I decided to take a look at the turnout in each of the cities and townships in Oakland County to understand how the diversity of the country translates to voter participation. One must understand that each community had the Governor and Senator races on the ballot, as well as Proposal 1. Each also had a U.S Congressional race – some contested and some not – on the ballot, as well as State House and Senate races – most of which were contested. Finally, all communities that had previously opted into Public Transportation had a SMART Millage increase to vote on, and many had tax proposals, marijuana ordinance changes and other assorted issues.
A ranking of communities (see Figure1) shows that turnout rates ranged from a low of 11 percent (rounded) in Pontiac, Hazel Park and Keego Harbor to the high end where five communities surpassed a 30 percent turnout – Lake Angelus (48.2%), Huntington Woods (34.0%), Novi Twp. (31.3%), Pleasant Ridge (31.2%) and Lathrup Village (30.1%). While their turnout rates must be recognized, it should be pointed out that Lake Angelus has but 282 registered voters and Novi Twp. has just 128.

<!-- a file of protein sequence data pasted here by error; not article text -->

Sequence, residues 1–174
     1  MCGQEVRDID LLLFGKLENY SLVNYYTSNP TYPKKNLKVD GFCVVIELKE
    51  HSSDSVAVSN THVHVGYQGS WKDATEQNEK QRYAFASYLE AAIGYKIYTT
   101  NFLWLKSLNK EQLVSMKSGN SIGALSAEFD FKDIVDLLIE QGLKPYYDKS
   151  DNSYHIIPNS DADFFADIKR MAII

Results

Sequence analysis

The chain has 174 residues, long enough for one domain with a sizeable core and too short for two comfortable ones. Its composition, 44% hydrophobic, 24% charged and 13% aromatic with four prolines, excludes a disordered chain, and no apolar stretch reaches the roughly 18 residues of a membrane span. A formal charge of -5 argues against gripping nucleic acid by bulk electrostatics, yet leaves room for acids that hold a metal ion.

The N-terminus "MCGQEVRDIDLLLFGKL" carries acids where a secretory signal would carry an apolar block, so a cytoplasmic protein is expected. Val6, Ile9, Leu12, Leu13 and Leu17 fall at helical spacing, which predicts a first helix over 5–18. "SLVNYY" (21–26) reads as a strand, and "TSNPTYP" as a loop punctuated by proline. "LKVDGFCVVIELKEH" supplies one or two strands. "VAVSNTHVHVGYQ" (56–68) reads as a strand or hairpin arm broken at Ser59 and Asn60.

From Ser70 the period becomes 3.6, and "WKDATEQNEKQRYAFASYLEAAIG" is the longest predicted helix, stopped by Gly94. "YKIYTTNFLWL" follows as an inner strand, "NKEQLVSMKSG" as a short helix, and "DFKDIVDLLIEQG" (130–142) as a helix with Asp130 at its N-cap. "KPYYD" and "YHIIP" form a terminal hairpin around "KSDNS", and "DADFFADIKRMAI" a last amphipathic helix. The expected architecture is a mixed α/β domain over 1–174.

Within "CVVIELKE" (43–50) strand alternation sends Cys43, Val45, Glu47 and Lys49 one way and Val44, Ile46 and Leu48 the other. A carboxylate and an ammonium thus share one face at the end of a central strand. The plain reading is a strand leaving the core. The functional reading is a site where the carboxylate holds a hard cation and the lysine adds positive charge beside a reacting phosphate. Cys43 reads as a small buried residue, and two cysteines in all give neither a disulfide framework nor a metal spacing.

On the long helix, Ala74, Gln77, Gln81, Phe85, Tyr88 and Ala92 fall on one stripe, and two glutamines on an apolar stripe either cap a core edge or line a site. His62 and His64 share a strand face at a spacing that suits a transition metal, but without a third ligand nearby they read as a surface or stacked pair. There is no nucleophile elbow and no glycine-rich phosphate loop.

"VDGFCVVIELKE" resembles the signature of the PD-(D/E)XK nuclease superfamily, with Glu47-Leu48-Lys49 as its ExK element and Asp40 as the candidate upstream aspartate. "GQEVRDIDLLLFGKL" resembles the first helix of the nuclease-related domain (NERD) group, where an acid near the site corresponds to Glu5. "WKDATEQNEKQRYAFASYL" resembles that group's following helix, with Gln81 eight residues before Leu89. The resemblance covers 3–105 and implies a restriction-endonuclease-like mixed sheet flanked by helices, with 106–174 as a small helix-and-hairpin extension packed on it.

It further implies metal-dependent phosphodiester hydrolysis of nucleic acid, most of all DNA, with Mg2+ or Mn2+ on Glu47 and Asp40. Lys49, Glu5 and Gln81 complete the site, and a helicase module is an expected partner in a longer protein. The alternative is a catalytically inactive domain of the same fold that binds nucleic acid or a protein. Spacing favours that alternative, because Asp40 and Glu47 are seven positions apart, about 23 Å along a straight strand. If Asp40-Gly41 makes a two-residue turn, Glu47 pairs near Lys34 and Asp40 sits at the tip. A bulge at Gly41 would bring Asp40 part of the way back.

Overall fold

Figure 1. Voter Turnout by Oakland County Community in August 5, 2014 Primary Election
While the country celebrated the turnout that accompanied Barack Obama’s first election – particularly among young voters and persons of color – these numbers have not held up. It is clear from the Oakland County Primary results that communities with lower income and lower educational attainment (with some exceptions) had the lowest voter turnout. It is critical that efforts are made in schools, in churches and through social service organizations to increase the vote in these communities. Distrust in government and a feeling of “they don’t care about us” is not a reason for not voting. Rather, it is exactly the reason to vote and show the politicians that they need to pay attention to you.